SINGAPORE — The construction of a new 12,000sqm clubhouse at the Singapore Island Country Club (SICC), estimated to cost S$59.3 million, will be put to the vote by members in a few months’ time, but some are already grousing about the large budget set aside for the project.
To raise awareness for the new Bukit Town Club, the country club has an ongoing exhibition, complete with posters and three-dimensional models, at its Island site’s lobby near Upper Thomson and its Bukit site’s lobby near MacRitchie Reservoir.
The SICC website shows that there are various events planned ahead, such as organising dialogues and general meetings, as well as the voting exercise to be held from March to June.
After that, the club will evaluate a tender and award it between April and June next year. Construction will start thereafter, and the project is expected to be completed by July 2020.
Talk of the new clubhouse first surfaced in 2014, after the Government announced that the SICC would have to give up one of its two Bukit courses to the labour movement once the land lease expires in 2021.
The golf course will be open for public use then, along with the existing Bukit Leasehold Clubhouse. The land lease for the second golf course will be up in 2030, and no plans for it have been announced so far.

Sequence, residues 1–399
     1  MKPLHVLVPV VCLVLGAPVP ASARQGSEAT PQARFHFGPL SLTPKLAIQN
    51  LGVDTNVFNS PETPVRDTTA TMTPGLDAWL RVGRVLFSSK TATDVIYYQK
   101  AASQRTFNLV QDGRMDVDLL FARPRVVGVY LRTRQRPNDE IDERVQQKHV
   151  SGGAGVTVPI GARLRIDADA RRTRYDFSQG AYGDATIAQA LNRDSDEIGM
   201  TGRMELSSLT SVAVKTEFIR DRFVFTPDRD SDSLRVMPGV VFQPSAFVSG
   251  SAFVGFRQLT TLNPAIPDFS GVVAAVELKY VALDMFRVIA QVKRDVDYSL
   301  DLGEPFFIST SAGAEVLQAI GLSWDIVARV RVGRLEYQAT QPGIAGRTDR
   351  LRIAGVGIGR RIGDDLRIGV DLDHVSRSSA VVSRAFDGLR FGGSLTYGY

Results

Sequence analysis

Back then, the SICC decided that a new clubhouse was needed at the Bukit site “to replace the lost facilities, including carpark lots” after the leases expire. Restaurants, changing rooms and added facilities for golfers are in the pipeline.
SICC member and semi-retiree Alan Fong, 71, said, “The model looks very grand. And if the (facilities) need to be improved, we should consider it, but I don’t know if it’s the right figure to spend (from the club’s finances).”
His sentiments were echoed by Ms Madeline Choo of brokerage Active Golf Services. “It’s not the building of the clubhouse, but it’s the amount being spent,” she said.
“Some old members think it’s a waste of money … while you cannot have a golf course without a clubhouse, the question is whether you build a S$60-million clubhouse or a S$10-million clubhouse.”
Businessman Daniel Lo, 56, a member of eight years, felt that the concept was a bold one, given that SICC has typically been a golfer’s haven instead of a social club. He was more concerned about the exclusivity of the clubhouse, since it would be on the same site as the soon-to-be public golf course.
“How do you control the public from encroaching on the space? You can implement rules and regulations, but let’s be realistic … Are you going to ban your neighbour if they walk past your doorstep?” he questioned.
The SICC had addressed this on its website by stating that the clubhouse would be self-contained and public traffic would have minimal impact.
A 32-year-old club member, who wanted to be known only as Wilson, wondered about the lifespan of the clubhouse, given that the lease for the second Bukit course would end in 2030. “What’s going to happen after 2030? Are they building this (to last just) for 10 years?” the management trainee asked.
In response to media queries, an SICC spokesperson would only say that the project was still in the development stage and has not been finalised.
By VALERIE KOH (firstname.lastname@example.org)